The Babylonian Umma Labyrinth

The Umma labyrinth has two turning points surrounded by two circuits each and a meander in the middle. The two entries ly outside. There is only one, unequivocal way through the labyrinth.

The Wunderkreis has a double spiral in the centre and two other turning points with arbitrarily many circuits. Besides, a side has a circuit more than the other. The entries are in the middle section.

A large Wunderkreis

In order to indicate the single developing steps I first transform a “completely developed” Wunderkreis into the smallest possible version.

It looks thus: A meander in the middle and two other turning points with a total of three circuits as to be seen in the labyrinth type Knossos.

The smallest Wunderkreis

To be able to compare this small Wunderkreis to the Umma labyrinth, I lay all centres (at the same time the ends of the boundary lines or the turning points) on a single line. Just as if I folded the triangle built from the turning points.

The compressed Wunderkreis

Both entries are here in the middle section, in the Umma labyrinth they are outside and side by side. Besides, there is one more circuit on the left side. Now I add one circuit to the figure and the entry will change to the outer side on the right as well.

One more circuit

I now turn the second entry to the left side. As a result, the two entries  point in different directions.

The two entries outside

Hence, I turn the right entry completely to the outer side on the left beside the left entry. As I do that geometrically correct, two empty areas appear.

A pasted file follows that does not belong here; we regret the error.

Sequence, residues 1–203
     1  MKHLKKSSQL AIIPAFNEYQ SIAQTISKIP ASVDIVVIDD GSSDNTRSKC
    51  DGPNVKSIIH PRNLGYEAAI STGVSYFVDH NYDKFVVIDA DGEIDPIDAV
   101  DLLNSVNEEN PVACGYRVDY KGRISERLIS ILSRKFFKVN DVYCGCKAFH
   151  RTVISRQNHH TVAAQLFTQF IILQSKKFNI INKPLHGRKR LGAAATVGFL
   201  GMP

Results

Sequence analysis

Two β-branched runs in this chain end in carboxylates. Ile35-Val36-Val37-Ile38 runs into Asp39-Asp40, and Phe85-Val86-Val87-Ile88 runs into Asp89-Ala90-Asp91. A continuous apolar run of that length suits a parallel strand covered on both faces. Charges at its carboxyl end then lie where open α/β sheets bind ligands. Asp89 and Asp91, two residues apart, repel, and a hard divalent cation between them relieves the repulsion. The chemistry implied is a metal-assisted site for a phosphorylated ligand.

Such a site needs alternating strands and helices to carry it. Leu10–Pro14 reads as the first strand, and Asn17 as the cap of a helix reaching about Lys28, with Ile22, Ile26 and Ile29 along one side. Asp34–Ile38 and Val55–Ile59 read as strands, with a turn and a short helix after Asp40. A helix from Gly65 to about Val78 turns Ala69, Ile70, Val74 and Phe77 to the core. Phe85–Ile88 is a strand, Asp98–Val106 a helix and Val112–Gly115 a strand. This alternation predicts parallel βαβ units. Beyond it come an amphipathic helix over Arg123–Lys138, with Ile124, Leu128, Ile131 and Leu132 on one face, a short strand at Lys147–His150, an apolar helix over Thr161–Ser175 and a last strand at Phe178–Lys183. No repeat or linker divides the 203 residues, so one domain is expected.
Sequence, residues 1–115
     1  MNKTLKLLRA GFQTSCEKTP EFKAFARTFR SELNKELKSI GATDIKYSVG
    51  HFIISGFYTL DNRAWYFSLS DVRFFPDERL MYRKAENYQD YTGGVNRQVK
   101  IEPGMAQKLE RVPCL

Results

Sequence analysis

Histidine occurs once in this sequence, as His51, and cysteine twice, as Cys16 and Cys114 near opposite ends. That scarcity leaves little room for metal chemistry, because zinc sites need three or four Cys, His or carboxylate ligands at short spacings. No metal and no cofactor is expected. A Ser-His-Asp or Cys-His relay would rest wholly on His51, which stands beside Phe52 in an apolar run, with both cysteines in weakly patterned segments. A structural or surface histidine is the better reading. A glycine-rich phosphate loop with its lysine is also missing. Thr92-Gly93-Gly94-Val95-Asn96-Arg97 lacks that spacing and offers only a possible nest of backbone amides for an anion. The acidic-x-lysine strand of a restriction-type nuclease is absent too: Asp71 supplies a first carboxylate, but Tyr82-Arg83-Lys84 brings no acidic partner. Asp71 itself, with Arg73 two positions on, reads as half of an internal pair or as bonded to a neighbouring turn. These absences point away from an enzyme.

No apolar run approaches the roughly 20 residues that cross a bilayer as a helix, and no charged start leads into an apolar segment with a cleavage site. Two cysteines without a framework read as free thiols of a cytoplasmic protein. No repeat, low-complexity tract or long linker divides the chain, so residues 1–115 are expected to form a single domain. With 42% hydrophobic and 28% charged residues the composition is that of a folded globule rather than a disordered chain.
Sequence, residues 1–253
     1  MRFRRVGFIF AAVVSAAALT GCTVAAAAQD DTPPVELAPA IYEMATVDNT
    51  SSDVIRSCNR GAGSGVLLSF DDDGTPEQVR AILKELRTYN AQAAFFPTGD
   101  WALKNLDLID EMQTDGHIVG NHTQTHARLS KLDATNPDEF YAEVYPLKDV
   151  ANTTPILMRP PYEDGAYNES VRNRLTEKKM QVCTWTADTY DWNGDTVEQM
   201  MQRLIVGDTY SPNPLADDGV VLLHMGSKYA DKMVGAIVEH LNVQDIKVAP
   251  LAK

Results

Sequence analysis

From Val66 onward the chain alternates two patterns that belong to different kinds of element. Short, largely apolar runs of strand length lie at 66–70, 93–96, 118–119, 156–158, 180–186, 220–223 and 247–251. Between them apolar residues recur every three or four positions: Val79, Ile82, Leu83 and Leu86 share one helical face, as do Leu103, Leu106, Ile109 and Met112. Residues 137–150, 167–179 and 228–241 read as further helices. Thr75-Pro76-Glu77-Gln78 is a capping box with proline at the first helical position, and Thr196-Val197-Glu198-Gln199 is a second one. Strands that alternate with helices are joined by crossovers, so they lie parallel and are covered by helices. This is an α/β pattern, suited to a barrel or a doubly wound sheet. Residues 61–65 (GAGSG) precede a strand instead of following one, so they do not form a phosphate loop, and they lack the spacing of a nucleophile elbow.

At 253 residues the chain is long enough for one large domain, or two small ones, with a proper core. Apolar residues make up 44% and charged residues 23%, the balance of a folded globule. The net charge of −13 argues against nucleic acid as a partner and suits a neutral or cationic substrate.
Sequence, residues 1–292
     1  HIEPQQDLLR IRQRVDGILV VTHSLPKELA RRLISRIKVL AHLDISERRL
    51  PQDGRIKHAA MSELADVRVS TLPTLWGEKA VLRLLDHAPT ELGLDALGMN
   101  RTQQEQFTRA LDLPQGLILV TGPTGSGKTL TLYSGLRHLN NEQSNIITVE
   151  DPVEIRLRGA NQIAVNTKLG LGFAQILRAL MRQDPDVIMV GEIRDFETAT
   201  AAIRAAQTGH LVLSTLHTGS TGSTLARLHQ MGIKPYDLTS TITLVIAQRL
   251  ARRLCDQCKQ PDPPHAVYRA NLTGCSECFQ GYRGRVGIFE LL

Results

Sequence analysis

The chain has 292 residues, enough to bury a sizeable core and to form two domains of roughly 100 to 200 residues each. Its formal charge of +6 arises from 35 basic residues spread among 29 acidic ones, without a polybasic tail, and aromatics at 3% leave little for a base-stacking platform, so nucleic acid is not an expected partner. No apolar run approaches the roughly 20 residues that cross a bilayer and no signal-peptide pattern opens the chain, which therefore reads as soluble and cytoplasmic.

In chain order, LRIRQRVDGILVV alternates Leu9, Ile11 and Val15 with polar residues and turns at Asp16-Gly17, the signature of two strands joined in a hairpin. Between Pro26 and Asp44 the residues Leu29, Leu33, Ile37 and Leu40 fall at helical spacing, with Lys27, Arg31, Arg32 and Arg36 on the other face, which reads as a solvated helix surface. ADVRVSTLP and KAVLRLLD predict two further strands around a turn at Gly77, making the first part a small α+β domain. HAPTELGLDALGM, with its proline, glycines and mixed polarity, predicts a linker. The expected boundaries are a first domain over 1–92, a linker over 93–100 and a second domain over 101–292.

The two entries side by side

Now I extend both entry paths by a quarter rotation upwards and turn the whole figure to the right by some degrees . Thus I receive the complete Umma labyrinth.

The Babylonian Umma Labyrinth

If I want to develop the Wunderkreis from the Umma labyrinth, I must leave out some circuits, turn the whole figure and finally raise the middle part.

The nucleus

The supplements made in the preceding steps are emphasised in colour. The nucleus of the visceral labyrinth contains the Wunderkreis.

Surely the Wunderkreis as we know it nowadays was not developed in this way. There are no historical documents to prove that. However, in my opinion the relationship of both labyrinth figures can be proved thereby. They are not simply spirals or meanders. These elements are rather included and connected in a “labyrinthine” way.

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## The Babylonian Visceral Labyrinth, Part 3

In the article by Richard Myers Shelton in Jeff Sawards Caerdroia 42 (March 2014)  there is the picture of a visceral drawing on a clay tablet which is older than those we have seen before (see related posts below).

Clay tablet from Umma of Old Babylonian times, photo courtesy of the Louvre

The clay tablet with the visceral drawings was found in the old Sumerian city of Umma, the today’s Tell Jokha in Iraq. It dates from the time about 1900 – 1600 B.C. and you can now see it in the Louvre under the number AO 6033.
The photo can be found in the cuneiform digital library initiative of the University of California, Los Angeles, under the CDLI number P 386355.

Unfortunately, the tablet is damaged. Nevertheless, the missing lines can be reconstructed perfectly and then show the following plan:

The visceral drawing on tablet AO 6033

The alignment reminds very strongly of the so-called Berlin labyrinth on the clay tablet VAT 744 at the Vorderasiatisches Museum of Berlin which is some hundred years younger.

The visceral drawing on tablet VAT 744

Despite the resemblance the lines in the visceral drawing on tablet AO 6033 show a completely different labyrinth.
The path (Ariadne’s thread) inside the tablet ascertained from the boundary lines looks thus:

Based on these lines I construct a geometrically exact figure consisting of arc elements. The midpoints of them can be arranged on a single line.

After that I construct the boundary lines around the same midpoints and will obtain the complete labyrinth:

The labyrinth